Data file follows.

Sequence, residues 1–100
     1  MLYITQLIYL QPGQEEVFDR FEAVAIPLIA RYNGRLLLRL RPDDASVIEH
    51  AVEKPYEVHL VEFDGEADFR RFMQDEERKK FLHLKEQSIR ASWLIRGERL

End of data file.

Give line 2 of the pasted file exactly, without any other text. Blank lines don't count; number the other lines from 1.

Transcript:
     1  MLYITQLIYL QPGQEEVFDR FEAVAIPLIA RYNGRLLLRL RPDDASVIEH